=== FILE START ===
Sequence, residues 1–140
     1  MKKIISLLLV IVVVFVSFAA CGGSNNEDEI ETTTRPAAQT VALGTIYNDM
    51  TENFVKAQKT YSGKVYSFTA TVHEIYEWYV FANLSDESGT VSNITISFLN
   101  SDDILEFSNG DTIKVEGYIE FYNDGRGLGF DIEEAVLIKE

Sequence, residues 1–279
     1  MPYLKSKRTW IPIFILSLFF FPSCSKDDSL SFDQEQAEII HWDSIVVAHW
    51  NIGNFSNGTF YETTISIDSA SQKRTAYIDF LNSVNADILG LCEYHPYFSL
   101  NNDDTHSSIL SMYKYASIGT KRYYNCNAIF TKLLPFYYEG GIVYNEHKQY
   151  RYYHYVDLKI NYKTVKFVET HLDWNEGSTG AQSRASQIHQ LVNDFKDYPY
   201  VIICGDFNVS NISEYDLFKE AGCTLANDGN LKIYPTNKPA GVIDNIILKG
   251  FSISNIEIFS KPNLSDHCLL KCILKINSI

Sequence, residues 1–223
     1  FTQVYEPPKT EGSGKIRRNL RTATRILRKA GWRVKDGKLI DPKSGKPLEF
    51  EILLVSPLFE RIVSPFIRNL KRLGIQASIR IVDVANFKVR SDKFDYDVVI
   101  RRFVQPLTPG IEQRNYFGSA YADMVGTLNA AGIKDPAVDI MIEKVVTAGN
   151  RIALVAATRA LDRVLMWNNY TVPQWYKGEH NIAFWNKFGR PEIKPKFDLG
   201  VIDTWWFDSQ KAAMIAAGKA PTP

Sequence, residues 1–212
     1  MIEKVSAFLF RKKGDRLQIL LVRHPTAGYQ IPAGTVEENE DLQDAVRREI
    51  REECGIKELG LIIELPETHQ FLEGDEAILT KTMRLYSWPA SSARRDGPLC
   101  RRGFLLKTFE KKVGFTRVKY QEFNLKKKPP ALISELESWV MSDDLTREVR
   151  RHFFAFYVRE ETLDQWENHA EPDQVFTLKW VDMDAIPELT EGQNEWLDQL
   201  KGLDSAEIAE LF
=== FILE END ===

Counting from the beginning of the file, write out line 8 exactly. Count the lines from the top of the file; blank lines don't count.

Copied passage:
   101  NNDDTHSSIL SMYKYASIGT KRYYNCNAIF TKLLPFYYEG GIVYNEHKQY